The ostensible reason the RMOW demanded the intrusive background checks was because Village Hosts might deal with children — lost children — and vulnerable people. Vulnerable people include children, the elderly and people with disabilities; it's a statutory definition arising out of the Criminal Records Review Act of 1996, which was originally designed to help protect children from people whose criminal record shows they pose a risk of physical or sexual abuse. The Act was expanded in 2009 to include vulnerable adults.
There are a number of people in varied jobs — those who work with or have unsupervised access to children and vulnerable adults — who are required by law to have these checks. That only makes sense for doctors, nurses, teachers and such.
Some volunteers, such as those in day cares and after school programs need to get checked. But the vast majority of volunteers are not required by law to get checked. Ironically, nannies, babysitters, child minders for a private company, municipal employees, and others do not require a criminal background check. So if I worked for the muni, I wouldn't need one but if I volunteer....
In several seasons hosting, I dealt with one lost child. A warm reunion was arranged within minutes. I dealt with countless vulnerable persons, many elderly, some with disabilities and quite a few who where going to wet themselves if they didn't find a toilet in the next few seconds. They were, of course, tangential and incidental to the business at hand — giving directions and answering questions. The opportunity to abuse them physically or sexually would have required a conspiracy of my fellow hosts and a whole lot more imagination than I possess.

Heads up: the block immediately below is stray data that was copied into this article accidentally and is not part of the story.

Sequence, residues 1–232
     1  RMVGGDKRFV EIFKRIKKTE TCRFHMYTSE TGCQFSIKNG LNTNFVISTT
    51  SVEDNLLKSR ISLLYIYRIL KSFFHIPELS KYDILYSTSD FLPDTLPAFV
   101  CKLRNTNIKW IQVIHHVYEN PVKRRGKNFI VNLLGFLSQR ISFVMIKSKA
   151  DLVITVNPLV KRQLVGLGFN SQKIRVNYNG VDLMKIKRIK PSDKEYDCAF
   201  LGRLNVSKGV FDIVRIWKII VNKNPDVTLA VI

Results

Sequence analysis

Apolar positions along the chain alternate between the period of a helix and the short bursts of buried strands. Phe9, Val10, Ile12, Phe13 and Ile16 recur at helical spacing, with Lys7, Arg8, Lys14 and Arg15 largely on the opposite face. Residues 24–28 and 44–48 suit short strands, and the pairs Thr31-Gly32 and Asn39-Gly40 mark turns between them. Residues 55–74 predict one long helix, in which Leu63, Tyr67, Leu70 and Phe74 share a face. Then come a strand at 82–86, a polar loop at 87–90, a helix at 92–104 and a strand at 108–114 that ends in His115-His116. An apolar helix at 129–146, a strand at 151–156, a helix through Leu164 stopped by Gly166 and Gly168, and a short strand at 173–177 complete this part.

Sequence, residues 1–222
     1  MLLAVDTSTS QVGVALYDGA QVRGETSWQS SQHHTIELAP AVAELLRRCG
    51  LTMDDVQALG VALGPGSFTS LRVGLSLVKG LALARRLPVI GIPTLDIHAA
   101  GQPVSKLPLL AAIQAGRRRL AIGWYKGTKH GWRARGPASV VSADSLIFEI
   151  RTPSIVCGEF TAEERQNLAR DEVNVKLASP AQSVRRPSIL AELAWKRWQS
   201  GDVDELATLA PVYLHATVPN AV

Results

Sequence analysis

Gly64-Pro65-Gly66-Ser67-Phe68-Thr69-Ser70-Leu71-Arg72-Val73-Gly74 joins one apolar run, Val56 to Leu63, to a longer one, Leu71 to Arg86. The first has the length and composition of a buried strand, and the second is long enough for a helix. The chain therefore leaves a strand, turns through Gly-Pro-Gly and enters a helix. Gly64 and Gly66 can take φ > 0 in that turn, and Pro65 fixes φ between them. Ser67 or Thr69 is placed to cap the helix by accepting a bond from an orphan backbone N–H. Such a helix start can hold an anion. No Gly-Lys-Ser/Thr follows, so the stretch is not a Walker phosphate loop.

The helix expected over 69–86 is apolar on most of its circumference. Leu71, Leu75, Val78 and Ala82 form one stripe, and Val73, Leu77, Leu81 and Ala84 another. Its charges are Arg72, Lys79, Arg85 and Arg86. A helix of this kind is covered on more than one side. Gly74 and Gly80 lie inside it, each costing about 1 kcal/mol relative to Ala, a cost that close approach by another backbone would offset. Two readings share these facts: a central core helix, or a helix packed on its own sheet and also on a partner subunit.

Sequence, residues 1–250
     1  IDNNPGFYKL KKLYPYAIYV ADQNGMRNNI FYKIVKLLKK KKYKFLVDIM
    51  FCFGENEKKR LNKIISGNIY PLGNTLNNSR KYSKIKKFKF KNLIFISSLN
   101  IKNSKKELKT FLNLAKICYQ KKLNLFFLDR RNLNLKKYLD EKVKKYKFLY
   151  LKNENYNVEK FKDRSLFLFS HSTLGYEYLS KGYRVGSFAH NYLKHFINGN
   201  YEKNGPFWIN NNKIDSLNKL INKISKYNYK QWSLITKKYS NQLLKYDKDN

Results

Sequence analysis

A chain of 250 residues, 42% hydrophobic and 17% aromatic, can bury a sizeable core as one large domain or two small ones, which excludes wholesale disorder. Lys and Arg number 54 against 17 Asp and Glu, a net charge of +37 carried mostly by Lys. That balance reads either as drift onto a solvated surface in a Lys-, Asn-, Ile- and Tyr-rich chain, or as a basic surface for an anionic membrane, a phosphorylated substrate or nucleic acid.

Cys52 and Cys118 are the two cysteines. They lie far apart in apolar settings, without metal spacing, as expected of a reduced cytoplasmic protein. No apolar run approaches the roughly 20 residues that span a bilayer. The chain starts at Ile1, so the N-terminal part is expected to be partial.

Now, I don't have a criminal record. I know that may come as a surprise to some of you but I managed to get away with everything I've ever done that might have earned me one and none of it involved physical or sexual abuse of anyone other than myself or whomever was stupid enough to go climbing with me. Just for the record, those instances involved physical abuse of a self-inflicted, consensual, granite-against-skin nature.
I'm pretty sure I could pass a background check. On the other hand, so were others who had a similar name or same birthday as someone with a criminal background. They had the fun and further humiliation of having to be finger printed and mug shot so they could volunteer.
I have three objections to this. First I don't trust the RCMP. Sorry guys, but you've earned it. Aside from the egregious acts of assault, there was the recent report of Canada's privacy commissioner outlining the department's failure to purge records that shouldn't haven't been kept on people guilty of nothing.
Second, this is an unnecessary, cover-your-ass decision by the RMOW. If you want to take the position that you can't trust anyone, don't be surprised when everyone takes the same position vis-à-vis you.
Third, the B.C. privacy commissioner last summer outlined a number of widespread abuses of criminal background checks, calling it a disturbing trend for more and more employers to require them simply to reduce the risk of liability.
It's lazy management and moves us back to the bad old days when people were branded their whole lives for what could quite possibly have been a momentary lapse of judgment.
We should be better than that.